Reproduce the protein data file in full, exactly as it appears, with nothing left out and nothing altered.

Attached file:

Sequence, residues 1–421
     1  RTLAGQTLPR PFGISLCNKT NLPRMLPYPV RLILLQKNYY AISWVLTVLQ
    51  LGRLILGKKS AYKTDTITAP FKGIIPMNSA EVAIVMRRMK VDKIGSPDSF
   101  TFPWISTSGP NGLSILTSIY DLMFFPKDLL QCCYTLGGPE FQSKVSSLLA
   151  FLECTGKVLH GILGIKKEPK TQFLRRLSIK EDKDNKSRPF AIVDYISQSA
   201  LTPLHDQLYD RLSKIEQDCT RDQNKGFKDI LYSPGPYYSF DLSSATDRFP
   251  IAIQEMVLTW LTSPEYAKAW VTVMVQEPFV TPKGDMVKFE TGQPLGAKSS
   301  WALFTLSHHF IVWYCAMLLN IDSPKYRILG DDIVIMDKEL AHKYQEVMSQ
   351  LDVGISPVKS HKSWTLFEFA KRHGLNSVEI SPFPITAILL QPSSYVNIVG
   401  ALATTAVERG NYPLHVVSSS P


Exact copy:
Sequence, residues 1–421
     1  RTLAGQTLPR PFGISLCNKT NLPRMLPYPV RLILLQKNYY AISWVLTVLQ
    51  LGRLILGKKS AYKTDTITAP FKGIIPMNSA EVAIVMRRMK VDKIGSPDSF
   101  TFPWISTSGP NGLSILTSIY DLMFFPKDLL QCCYTLGGPE FQSKVSSLLA
   151  FLECTGKVLH GILGIKKEPK TQFLRRLSIK EDKDNKSRPF AIVDYISQSA
   201  LTPLHDQLYD RLSKIEQDCT RDQNKGFKDI LYSPGPYYSF DLSSATDRFP
   251  IAIQEMVLTW LTSPEYAKAW VTVMVQEPFV TPKGDMVKFE TGQPLGAKSS
   301  WALFTLSHHF IVWYCAMLLN IDSPKYRILG DDIVIMDKEL AHKYQEVMSQ
   351  LDVGISPVKS HKSWTLFEFA KRHGLNSVEI SPFPITAILL QPSSYVNIVG
   401  ALATTAVERG NYPLHVVSSS P